It is true that some governments oppress, and in those cases there can be some argument that "consent of the governed" is farcical.  But even in those cases, if a large enough subset of "the governed" actively withdraw their consent, such governments will no longer be able to function.  In his seminal work, "The Gulag Archipelago", anti-Soviet writer Aleksandr Solzhenitsyn made it clear that had sufficient numbers of people withdrew their consent (by actively opposing the "night raids" by the security apparatus) the Terror would have fallen flat on its face. But too few (out of fear, no doubt) acted to oppose.  And so they continued to give their consent, unwillingly of course.

Jake Starkey knows a 'freeman argument' when he reads it.

We the People, of course, can give secular government powers beyond those that we have.  For instance, to eliminate feud and vigilantism as a power of the individual, We the People delegate the right to violence to government to maintain law and order.

 

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4 minutes ago, Stargazer said:

And that is your opinion, which you are certainly entitled to, and which I may agree with in principle -- if fallible men are involved.  The time will come, however, when Christ will reign personally on the earth.

Of course it is my opinion, just as your opinion belongs to you.  And if I get enough of the We the People to agree with me, then instead of opinion it becomes law.

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8 minutes ago, Jake Starkey said:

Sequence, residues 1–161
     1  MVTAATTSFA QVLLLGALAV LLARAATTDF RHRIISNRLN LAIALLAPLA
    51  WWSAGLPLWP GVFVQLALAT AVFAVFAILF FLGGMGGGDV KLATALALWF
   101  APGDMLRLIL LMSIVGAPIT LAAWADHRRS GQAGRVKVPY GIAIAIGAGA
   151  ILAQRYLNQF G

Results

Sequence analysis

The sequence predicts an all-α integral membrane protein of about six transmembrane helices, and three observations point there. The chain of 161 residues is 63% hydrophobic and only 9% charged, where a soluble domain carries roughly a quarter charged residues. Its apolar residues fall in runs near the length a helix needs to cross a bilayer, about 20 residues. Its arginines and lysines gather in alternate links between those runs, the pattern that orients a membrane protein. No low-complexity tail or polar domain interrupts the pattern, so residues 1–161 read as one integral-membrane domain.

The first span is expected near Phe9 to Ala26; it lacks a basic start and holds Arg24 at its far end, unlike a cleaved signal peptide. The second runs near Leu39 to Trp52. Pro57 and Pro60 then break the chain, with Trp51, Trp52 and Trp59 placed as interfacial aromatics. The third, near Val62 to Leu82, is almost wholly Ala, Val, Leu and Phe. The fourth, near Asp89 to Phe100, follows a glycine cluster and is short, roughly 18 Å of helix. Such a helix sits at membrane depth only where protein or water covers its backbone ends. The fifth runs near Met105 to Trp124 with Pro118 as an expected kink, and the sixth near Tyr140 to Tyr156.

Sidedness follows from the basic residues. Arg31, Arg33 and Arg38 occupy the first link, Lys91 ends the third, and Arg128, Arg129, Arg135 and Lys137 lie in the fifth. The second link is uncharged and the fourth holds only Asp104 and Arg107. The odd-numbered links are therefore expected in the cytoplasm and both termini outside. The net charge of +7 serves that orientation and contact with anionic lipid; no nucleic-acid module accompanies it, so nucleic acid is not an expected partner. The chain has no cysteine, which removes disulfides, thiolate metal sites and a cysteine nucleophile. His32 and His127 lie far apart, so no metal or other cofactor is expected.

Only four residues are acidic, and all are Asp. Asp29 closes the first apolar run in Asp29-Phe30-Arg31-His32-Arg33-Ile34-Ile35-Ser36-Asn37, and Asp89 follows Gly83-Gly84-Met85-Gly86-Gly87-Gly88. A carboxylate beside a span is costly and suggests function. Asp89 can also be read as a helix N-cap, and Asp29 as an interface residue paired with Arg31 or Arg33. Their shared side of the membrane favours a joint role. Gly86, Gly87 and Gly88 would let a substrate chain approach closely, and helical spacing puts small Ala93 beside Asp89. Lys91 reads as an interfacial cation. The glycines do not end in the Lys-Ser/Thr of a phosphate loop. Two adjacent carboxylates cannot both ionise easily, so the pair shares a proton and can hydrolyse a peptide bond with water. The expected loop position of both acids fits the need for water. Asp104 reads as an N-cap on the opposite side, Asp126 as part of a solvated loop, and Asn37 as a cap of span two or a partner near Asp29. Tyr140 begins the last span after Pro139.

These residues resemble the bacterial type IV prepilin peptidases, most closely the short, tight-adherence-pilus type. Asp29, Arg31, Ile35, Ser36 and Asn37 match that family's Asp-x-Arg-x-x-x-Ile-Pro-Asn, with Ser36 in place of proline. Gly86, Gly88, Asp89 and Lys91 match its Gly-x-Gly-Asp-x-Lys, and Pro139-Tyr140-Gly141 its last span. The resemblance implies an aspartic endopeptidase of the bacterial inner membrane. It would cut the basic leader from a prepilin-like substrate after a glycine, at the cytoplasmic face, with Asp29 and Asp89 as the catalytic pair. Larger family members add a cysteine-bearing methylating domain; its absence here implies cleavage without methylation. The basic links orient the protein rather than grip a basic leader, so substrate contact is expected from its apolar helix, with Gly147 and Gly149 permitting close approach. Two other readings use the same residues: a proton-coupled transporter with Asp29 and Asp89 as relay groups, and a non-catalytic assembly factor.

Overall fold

The above is a fallacy of false equivalency.  We mortals on earth are not to be equated as the equals of the immortal powers of eternity.

No, that fallacy does not apply. I think you may want to look up examples of it before using it again.

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14 minutes ago, Jake Starkey said:

Jake Starkey knows a 'freeman argument' when he reads it.

So, Jake Starkey, what is this 'freeman argument' of which you speak?  From your tone, it appears that you disapprove of such an argument, whatever it is.

Quote

We the People, of course, can give secular government powers beyond those that we have.  For instance, to eliminate feud and vigilantism as a power of the individual, We the People delegate the right to violence to government to maintain law and order.

In a state of nature, I have the power to execute violence to maintain my existence, at my own discretion, which naturally means that I even have the power to execute deadly force upon another.  I cannot grant secular government any more power than this.  And it cannot have any more power than this.

Edited by Stargazer

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9 minutes ago, Jake Starkey said:

Of course it is my opinion, just as your opinion belongs to you.  And if I get enough of the We the People to agree with me, then instead of opinion it becomes law.

Of course.  No argument there.  But does "might" make "right"?

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8 minutes ago, The Nehor said:

No, that fallacy does not apply. I think you may want to look up examples of it before using it again.